Month: June, 2013

Archbishop Duncan: The State Of The Church 2013

On June 18, 2013 Archbishop Duncan delivered his State of the Church address to the Provincial Council of the Anglican Church in North America at Nashotah House Theological Seminary in Nashotah, WI.  The Provincial Council is the governing body of the ACNA comprised of delegates from member dioceses and ministry partners

.ADDRESS TO PROVINCIAL COUNCIL
On the State of the Church

“Freely you have received.  Freely give.”  [Matthew 10:8]

The opening of this 2013 Provincial Council marks the fourth anniversary of the constitution of the Anglican Church in North America.  Following the Inaugural Assembly of 2009 which met at Bedford, Texas, Provincial Council first met at Toronto, Canada.  Then we met at Amesbury, Massachusetts.  Then we travelled to Long Beach, California. Next we gathered at Ridgecrest, North Carolina, in connection with Assembly 2012.  Now we find ourselves at Nashotah, Wisconsin.  What a journey it has been!

It is my responsibility to make some comments on the journey and to help to focus us on the work we are called to do in the two days of this 5th Provincial Council.  Because we understand so clearly that we are synodically governed and that we are episcopally led, I will also share some of the challenges – and the joys – before the College of Bishops in the work they will do in the two days that follow-on from this Provincial Council.  There is a tremendous amount before us in these four days.

The volume of work is a sign of the immense favor God has granted us in these four short years.  We must not forget that agreement in the Word of God (“biblical”), agreement about the mission to North America (“missionary”), and the will to be one despite our differences (“united”) are a huge part of the reason there has been such favor.  It is also this fundamental agreement about Scripture and the mission, and this will to be one, that have enabled us to accomplish so much in such a short time.  My prayer for this Church is that its founding vision – “a biblical, missionary and united Anglicanism in North America” – will always remain its vision and its commitment.

Read the whole address here

The Life Of Circles

“Circles” are what we call small groups of christians, meeting regularly, on Sunday, or at some other time, for worship, prayer, healing, discussion, teaching or bible study, and fellowship.  Of course, such “Circles” have been meeting since christian time began.  We call them “Circles” because we want to emphasize what we believe are their central characteristics –  informality, equality, intimacy and participation.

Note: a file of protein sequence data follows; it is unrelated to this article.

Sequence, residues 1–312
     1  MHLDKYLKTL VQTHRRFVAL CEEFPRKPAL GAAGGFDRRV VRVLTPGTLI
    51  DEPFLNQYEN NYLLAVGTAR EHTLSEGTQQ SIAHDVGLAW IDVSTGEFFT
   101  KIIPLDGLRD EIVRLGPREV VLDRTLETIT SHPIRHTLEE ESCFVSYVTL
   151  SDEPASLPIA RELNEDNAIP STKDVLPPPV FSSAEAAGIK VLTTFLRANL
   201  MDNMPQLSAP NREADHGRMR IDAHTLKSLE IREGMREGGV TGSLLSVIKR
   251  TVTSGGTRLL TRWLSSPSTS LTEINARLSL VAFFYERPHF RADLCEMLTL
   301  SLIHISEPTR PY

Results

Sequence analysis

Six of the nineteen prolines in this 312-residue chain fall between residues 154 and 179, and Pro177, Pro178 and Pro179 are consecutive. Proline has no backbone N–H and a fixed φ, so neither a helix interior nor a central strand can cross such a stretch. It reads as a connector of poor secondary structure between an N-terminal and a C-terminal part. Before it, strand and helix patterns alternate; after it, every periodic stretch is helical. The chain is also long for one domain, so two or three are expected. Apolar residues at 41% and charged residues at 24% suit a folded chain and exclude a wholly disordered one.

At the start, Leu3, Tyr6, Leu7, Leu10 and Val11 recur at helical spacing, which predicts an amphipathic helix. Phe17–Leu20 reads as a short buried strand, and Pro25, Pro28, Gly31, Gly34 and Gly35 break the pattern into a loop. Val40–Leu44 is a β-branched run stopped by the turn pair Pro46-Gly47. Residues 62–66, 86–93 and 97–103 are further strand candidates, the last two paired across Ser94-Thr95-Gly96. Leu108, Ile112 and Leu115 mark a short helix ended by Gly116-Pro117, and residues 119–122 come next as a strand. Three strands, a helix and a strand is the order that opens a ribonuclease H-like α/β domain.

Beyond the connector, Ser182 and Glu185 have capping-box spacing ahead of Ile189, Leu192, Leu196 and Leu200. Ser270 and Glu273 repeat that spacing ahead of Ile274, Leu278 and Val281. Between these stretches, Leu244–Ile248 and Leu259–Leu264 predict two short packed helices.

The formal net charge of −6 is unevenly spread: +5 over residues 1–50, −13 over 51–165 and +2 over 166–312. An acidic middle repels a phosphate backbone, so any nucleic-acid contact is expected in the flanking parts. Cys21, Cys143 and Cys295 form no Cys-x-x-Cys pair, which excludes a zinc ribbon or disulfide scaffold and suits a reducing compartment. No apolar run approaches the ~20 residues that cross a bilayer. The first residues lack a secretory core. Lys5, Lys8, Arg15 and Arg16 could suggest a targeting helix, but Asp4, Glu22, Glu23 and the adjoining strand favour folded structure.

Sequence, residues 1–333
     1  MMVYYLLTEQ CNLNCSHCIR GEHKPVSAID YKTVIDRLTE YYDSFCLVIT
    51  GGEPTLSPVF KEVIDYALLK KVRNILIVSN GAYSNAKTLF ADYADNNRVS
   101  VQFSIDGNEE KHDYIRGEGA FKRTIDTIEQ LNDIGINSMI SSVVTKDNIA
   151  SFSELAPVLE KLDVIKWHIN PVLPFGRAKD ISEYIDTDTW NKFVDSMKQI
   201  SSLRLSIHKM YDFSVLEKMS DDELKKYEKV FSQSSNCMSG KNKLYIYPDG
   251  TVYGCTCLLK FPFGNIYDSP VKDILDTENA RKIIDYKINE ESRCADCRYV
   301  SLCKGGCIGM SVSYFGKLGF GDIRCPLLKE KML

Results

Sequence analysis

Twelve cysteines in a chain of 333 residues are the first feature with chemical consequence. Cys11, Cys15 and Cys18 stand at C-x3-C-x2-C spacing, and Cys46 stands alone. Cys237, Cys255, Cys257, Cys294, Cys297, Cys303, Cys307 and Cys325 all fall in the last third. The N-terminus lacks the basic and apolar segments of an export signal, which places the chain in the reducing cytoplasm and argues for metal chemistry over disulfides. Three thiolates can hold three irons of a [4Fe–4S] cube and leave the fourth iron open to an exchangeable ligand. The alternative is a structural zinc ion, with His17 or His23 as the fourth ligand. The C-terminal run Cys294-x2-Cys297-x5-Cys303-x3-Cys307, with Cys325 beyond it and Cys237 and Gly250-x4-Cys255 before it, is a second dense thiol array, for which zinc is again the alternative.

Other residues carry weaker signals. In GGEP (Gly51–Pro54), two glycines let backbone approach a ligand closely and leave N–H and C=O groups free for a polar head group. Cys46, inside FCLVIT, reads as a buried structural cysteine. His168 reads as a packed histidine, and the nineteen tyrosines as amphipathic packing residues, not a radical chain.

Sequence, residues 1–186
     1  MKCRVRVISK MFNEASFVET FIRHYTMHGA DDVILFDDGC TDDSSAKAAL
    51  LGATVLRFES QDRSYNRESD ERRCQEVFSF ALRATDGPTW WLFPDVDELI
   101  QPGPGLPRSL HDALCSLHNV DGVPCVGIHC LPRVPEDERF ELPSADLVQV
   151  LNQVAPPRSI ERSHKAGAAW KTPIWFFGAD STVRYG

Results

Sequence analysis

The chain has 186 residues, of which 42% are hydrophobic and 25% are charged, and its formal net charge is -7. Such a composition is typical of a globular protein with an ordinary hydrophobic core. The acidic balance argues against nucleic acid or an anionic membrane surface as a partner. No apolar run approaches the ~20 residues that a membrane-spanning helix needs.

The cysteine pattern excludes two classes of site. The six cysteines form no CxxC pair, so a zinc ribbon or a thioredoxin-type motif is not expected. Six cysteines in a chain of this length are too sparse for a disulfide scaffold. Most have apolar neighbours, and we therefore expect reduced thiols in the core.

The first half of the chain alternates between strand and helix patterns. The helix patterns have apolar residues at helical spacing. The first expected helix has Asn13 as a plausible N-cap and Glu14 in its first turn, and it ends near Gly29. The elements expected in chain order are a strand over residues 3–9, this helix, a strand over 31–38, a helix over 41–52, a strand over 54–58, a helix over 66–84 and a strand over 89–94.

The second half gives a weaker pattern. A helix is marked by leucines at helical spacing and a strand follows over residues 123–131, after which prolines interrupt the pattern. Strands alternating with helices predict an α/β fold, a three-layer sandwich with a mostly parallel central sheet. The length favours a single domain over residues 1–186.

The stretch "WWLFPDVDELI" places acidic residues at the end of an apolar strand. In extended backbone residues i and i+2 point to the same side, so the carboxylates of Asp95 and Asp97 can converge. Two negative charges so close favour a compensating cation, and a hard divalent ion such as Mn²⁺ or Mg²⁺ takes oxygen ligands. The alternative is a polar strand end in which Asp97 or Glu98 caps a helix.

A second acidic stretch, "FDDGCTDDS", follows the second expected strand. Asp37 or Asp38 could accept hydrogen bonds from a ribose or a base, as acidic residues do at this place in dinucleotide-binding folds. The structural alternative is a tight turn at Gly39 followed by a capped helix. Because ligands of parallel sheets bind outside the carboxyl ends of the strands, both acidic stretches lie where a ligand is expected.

There are some rules for Circles which we think are important.  Rules that govern the structure of the Circle rather than its content.  Here they are:

  1. Have an anchor.  Because Circles are informal and have minimal structure, they are prone to wander off course and develop eccentricities that are not true to the vital centre of the christian faith.  And so, a very firm theological anchor is needed.  In our case, that is the Anglican Network in Canada, and more particularly, the modern re-statement of Anglican faith called the Jerusalem Declaration.  It is here we take our stand.
  2. If it doesn’t work, don’t do it.  Be wary of submitting too readily to habits or customs or forms of worship that do not meet the present needs of people.  Against all of these, the needs of people come first.  Jesus responded to immediate need immediately.  We would like to try to do the same.  Thus, if a personal need arises in the midst of a liturgy, we will interrupt the liturgy and deal with the need.  And if a stranger approaches our Circle, we will stop what we are doing and welcome the stranger, and spend whatever time is necessary to make that stranger feel at home.  If we cannot do these things in Circles, what are Circles for?
  3. If you don’t need it, don’t get it.  We are wary of accumulating things.  Even good things.  Things distract us from people.  Likewise, we are keen on avoiding any administrative or bureaucratic responsibility that does not serve immediate needs.
  4. Self-supporting from Day One.  We must expect no financial support from outside the Circle and must meet such expenses as we have ourselves.  The probable future of our societies is one of financial austerity and straightened circumstances.  Christian churches will feel the pinch.  We must avoid being a burden to them.
  5. Permanence is not the objective:  effectiveness is.  Whether a Circles lasts 30 days, 30 weeks or 30 years is not the point:  serving the immediate need is.  Often  the need is to serve as a rendez-vous and gathering place for Anglicans and others of a conservative christian faith.  Such Circles may evolve into small churches of a traditional character.  Others may fill a temporary need until members find a more permanent church home.  Others may be formed to take advantage of an opportunity for evangelism.  Others because a particular place or space requires a christian presence.

Groucho Marx is said to have said, “I have principles.  If you don’t like them, I have others.”  We offer these rules of the road in somewhat that spirit – that is they represent our best thinking at present.  There may be more to say.  Or less.
But here is where we start.